Here's What Irish People Actually Eat on St. Patrick's Day
Growing up in Ireland, we never ate corned beef and cabbage on St. Patricks Day — nor did anyone we know. It's an American-Irish tradition, that just doesn't exist in Ireland. On our national feast day at home, we eat regular Irish food and perhaps drink a little extra to celebrate the day.
Here are just some of the different Irish foods you might find us eating on Paddy's Day (definitely not called St. Patty's Day), plus a well-known Irish hangover cure.
The Irish Fry
Irish Soda Bread
Soda bread is a staple in Ireland. Brown soda bread is made with whole-wheat flour, buttermilk, and baking soda; and white soda bread is made with white flour. It's traditionally made into a round loaf with a cross etched in the center to keep the fairies out.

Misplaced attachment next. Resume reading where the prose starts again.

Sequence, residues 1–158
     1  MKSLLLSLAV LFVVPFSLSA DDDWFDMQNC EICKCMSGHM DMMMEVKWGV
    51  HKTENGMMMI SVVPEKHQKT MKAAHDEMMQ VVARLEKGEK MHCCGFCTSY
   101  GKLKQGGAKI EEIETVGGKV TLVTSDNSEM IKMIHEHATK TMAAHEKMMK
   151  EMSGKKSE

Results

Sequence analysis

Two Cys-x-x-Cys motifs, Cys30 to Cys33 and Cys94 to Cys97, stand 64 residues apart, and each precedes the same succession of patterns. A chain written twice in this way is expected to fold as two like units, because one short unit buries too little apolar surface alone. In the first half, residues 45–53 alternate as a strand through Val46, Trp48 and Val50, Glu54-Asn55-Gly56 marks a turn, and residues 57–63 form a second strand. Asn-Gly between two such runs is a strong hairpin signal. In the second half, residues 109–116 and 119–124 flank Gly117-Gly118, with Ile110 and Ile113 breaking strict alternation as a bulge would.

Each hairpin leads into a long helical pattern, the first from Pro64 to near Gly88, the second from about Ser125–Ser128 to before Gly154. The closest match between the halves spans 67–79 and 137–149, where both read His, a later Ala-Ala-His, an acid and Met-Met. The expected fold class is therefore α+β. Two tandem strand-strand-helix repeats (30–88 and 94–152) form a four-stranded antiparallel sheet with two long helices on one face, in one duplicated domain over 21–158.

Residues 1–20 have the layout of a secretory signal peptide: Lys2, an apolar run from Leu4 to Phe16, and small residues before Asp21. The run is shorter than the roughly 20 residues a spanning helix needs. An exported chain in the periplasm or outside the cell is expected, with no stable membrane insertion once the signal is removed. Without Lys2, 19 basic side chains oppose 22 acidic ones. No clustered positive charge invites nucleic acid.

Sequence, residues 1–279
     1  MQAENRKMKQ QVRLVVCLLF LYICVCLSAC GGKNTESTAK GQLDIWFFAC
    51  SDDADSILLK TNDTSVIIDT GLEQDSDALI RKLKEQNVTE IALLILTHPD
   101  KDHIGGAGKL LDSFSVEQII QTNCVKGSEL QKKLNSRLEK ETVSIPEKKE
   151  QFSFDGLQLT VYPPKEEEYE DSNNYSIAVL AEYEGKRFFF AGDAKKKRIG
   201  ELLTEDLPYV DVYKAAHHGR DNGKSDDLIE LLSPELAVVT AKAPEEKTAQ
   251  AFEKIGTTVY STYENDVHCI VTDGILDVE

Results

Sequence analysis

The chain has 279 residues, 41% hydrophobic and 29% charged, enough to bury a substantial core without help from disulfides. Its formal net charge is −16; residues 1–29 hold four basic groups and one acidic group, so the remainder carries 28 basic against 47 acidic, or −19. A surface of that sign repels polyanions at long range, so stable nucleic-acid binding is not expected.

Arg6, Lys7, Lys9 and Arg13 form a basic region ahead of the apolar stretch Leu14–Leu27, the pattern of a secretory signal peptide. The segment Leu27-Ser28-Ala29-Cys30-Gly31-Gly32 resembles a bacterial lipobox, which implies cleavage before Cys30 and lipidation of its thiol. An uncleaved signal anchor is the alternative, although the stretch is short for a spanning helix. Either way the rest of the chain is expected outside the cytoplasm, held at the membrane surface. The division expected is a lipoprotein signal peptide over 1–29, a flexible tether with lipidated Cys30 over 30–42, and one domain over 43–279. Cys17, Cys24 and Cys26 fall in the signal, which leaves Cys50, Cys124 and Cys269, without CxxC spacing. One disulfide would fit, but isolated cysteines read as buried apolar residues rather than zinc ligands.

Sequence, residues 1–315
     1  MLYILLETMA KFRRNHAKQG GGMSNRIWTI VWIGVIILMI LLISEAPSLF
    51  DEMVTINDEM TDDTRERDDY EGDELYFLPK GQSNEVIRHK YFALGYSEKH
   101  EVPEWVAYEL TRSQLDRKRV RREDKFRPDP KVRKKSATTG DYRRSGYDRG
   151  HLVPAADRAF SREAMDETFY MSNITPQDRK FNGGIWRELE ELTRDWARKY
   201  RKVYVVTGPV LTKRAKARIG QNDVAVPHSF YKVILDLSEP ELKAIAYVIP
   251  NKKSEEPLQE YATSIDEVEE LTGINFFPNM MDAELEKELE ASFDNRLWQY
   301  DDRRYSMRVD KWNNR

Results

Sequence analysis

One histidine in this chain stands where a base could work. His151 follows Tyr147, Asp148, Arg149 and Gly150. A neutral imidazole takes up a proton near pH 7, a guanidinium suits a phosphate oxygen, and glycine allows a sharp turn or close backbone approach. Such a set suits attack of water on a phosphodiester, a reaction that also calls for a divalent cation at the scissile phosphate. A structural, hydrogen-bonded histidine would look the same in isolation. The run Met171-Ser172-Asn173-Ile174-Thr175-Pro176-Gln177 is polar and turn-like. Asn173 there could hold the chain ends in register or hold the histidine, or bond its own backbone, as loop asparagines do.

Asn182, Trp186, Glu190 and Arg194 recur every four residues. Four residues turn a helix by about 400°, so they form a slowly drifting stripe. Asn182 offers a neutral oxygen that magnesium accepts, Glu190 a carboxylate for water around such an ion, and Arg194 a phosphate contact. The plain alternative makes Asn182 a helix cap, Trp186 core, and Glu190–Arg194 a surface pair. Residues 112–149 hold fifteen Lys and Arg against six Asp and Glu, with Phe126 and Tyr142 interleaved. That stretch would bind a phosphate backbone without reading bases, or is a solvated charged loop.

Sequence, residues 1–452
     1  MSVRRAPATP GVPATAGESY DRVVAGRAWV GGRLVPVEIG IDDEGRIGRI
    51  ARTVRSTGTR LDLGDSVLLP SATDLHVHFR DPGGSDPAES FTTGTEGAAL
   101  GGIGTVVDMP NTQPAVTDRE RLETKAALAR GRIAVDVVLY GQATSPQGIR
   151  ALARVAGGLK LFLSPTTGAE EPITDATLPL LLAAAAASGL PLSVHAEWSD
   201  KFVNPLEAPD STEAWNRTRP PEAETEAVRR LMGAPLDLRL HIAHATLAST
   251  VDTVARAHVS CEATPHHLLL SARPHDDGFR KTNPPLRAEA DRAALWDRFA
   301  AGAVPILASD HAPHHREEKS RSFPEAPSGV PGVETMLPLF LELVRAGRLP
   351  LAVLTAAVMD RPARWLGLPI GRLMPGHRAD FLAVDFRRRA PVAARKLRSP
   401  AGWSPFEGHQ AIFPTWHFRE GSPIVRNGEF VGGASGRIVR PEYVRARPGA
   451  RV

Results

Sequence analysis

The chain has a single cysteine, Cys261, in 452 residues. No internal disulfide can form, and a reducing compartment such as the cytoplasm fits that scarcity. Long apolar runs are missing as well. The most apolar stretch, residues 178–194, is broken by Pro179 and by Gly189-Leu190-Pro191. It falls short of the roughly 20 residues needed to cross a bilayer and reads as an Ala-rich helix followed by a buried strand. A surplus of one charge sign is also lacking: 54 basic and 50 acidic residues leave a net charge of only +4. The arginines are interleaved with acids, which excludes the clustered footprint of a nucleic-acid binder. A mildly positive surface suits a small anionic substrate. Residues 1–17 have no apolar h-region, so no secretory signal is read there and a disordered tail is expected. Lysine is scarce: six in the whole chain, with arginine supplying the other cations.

Simple Beef Pot Roast
Fresh Apple Tarts
In the U.S., there is apple pie, but in Ireland we have apple tart. These rustic tarts are often baked on a plate, and made with homemade pastry and local apples. No matter where you go in Ireland, someone will always have rustled up a homemade apple tart.
Related: Get recipes for apple tarts and pies.
The Hangover Cure
St. Patrick's Day can be a day of heavy drinking, and the crisp sandwich is a well-known hangover cure. It's essentially some Irish potato chips sandwiched between two slices of buttered white bread.
Another cure for hangovers is a "flat 7Up," which is essentially some 7Up with a splash of hot water. It's widely believed a "flat 7Up" can cure almost anything.
Related: Find more Irish and Irish-American recipes in our St. Patrick's Day collection.